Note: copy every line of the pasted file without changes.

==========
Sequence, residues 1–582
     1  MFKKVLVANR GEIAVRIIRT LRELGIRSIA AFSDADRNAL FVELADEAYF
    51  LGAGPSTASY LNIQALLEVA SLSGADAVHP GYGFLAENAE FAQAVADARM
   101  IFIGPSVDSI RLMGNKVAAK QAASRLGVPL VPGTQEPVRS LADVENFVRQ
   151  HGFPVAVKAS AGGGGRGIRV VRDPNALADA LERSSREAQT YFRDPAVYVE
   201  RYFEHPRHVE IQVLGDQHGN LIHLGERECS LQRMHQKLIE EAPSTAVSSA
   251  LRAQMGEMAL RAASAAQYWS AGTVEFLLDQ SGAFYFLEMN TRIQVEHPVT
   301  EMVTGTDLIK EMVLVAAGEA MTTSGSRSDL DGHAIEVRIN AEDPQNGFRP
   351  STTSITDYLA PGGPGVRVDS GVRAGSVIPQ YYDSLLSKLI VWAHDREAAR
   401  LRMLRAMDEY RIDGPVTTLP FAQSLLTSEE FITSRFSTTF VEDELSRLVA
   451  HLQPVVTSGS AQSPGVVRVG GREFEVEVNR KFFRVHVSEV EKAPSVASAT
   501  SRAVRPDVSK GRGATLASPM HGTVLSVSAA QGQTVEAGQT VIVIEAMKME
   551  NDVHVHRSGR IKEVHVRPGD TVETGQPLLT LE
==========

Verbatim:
Sequence, residues 1–582
     1  MFKKVLVANR GEIAVRIIRT LRELGIRSIA AFSDADRNAL FVELADEAYF
    51  LGAGPSTASY LNIQALLEVA SLSGADAVHP GYGFLAENAE FAQAVADARM
   101  IFIGPSVDSI RLMGNKVAAK QAASRLGVPL VPGTQEPVRS LADVENFVRQ
   151  HGFPVAVKAS AGGGGRGIRV VRDPNALADA LERSSREAQT YFRDPAVYVE
   201  RYFEHPRHVE IQVLGDQHGN LIHLGERECS LQRMHQKLIE EAPSTAVSSA
   251  LRAQMGEMAL RAASAAQYWS AGTVEFLLDQ SGAFYFLEMN TRIQVEHPVT
   301  EMVTGTDLIK EMVLVAAGEA MTTSGSRSDL DGHAIEVRIN AEDPQNGFRP
   351  STTSITDYLA PGGPGVRVDS GVRAGSVIPQ YYDSLLSKLI VWAHDREAAR
   401  LRMLRAMDEY RIDGPVTTLP FAQSLLTSEE FITSRFSTTF VEDELSRLVA
   451  HLQPVVTSGS AQSPGVVRVG GREFEVEVNR KFFRVHVSEV EKAPSVASAT
   501  SRAVRPDVSK GRGATLASPM HGTVLSVSAA QGQTVEAGQT VIVIEAMKME
   551  NDVHVHRSGR IKEVHVRPGD TVETGQPLLT LE